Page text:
We face both the reigning AL and NL champions this week. How will we do?
Wesley: The Dodgers are currently doing without Justin Turner, Corey Seager, Rich Hill, Logan Forsythe, and Julio Urias. To top it off, Yasiel Puig was added to the DL earlier today. Their 13-11 Pythagorean W-L is the exact opposite of their 11-13 record, but they aren’t operating at 100 percent. Clayton Kershaw looks like he is finally starting to show cracks, and is not the indisputably best pitcher in the league anymore. So I think we can take the series with the Dodgers. The Houston Astros are somehow an even better team than they were last year, and their Pythag W-L of 19-7 compared to their actual record of 17-10 suggests they have been unlucky as well. The Astros have a deeper lineup than us, and have better starting pitching. Bullpens are both crazy good. I think the Astros will likely give us our first series lost of the year, but I think we’ll take at least one game. So a .500 record is about what I expect out of this road trip, and even that would be a positive. I really would like to see us take three from the Dodgers and put even more distance between us in the standings.
Michael: To be the best, you have to beat the best from last year. The Dbacks have taken advantage of a Dodger team that’s missing their best hitter and defacto clubhouse leader and it’s showing in their on-field play so far. The Dodgers are a very good team, or at least on paper they will be at full strength, so it’s important the Dbacks bury them while they’re not at full strength to try to win the division. The Astros look equally as impressive as they did last year and arguably have the best 25-man roster in the game today, so if the Dbacks win that series I feel like they’re going to do something special this season.
Dan: I’ve been enjoying looking at the box scores this weekend of the Dodgers losing to the Giants. Not too worried there, frankly. Not sure what’s wrong with them right now, but there’s something wrong (possibly many things), and I think we’re good ultimately. As for the Astros, I have no idea. I wish them luck...they won a WS for a city that needed something like that after a rough year last year, and they also stomped the Dodgers in getting there, so they’re good with me. I’m not entirely sure we can take them, but I think we can certainly go toe to toe, which will mean that the series victor winds up being a coin flip. We’ll see how it turns out.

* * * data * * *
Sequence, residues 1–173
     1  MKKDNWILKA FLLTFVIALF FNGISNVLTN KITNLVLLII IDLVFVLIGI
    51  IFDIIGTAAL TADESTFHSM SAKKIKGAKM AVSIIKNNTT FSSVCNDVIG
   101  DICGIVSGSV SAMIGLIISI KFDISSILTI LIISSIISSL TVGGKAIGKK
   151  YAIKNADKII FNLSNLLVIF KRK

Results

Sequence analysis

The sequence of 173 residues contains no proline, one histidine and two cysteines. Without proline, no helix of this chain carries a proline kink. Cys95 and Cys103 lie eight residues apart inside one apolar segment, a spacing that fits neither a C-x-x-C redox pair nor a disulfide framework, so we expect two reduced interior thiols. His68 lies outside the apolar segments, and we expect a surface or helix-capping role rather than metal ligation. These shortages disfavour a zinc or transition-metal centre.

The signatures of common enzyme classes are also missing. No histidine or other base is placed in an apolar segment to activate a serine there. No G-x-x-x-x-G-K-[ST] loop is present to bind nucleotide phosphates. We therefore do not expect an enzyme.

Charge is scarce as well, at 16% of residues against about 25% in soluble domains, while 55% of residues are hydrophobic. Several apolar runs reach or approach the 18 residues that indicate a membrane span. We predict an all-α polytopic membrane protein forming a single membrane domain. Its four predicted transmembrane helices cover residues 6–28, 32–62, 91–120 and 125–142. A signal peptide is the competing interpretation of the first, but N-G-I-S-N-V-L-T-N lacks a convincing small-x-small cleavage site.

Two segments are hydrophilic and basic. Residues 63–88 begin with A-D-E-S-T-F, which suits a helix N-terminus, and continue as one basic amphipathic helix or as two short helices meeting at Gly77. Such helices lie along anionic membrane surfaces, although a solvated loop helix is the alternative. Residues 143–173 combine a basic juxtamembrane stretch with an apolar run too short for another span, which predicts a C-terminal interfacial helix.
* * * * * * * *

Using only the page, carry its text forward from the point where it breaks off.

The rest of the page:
Makakilo: We will win three of the four games in the series with the Dodgers, for the reasons explained so well by Wesley. For some additional thoughts on the series, please read my series preview that is scheduled to be posted Monday.
Fivethirtyeight.com shows odds for the series between the Astros and Diamondbacks. The first two games could be won be either team (51% vs 49%) and the third game will likely be won by the Astros (58% to 42%).
Jim: We’ve never played the NL + AL champions in consecutive series. Can’t imagine it happens very often for any team! So it’ll be an interesting challenge. The Dodgers are really struggling, losing consecutive series to the Marlins and Giants, and losing Puig does remove a reason to hate-watch these games. Ray wouldn’t have pitched in this series anyway, and I think we can take three here, but the Astros are living up to their World Series title, 100%. I can easily see our series winning streak closing next weekend.
James: The Dodgers are struggling right now and are without some key contributors. I feel good about the Diamondbacks against the Dodgers, assuming team health remains what it is or improves. I would feel even better about the series if Dodger-killer, Robbie Ray were healthy and starting. The AL champs are going to be a massive challenge. Having managed to win the series in Washington, I now look at Houston as Arizona’s big hurdle for consecutive series won. Justin Verlander is reminding the world why he is going to the Hall of Fame, meanwhile Charlie Moron and Gerrit Cole are torching MLB. THat leaves Keuchel and McCullers, both of whom have been struggling, but have been pitching well enough that Arizona is likely to have trouble with them.
MLB games broadcast on Facebook: discuss…
Wesley: I was planning on checking it out to see how bad it was, but I ended up having some other obligations that day so I missed it. In other words, I have no opinion.
Michael: Get rid of Eric Byrnes and the broadcast significantly improves. The play-by-play guy did a decent job of interacting with his audience and the lack of commercial breaks is a nice change. I still prefer Bert and Bob over them.
Dan: Why? The world didn’t need this. I did enjoy Eric Byrnes from time to time when he was patrolling our outfield, but do I want/need to hear him talk, on an insecure and deceptive social media platform, “helping” to call a baseball game? No, no thank you, thank you very much but no.
Wesley: Eric Byrnes was doing commentary? Really? I’m glad I missed that one. He wasn’t even that good in 2007, and anything he’s been involved in since then has been a mistake. Stick to surfing and kayaking with your dog, Byrnes. (The Eric Byrnes contract scarred me emotionally. I still have haunting dreams of Byrnes counting his fat stacks of cash in his Kayak at the All Star game in McCovey cove.)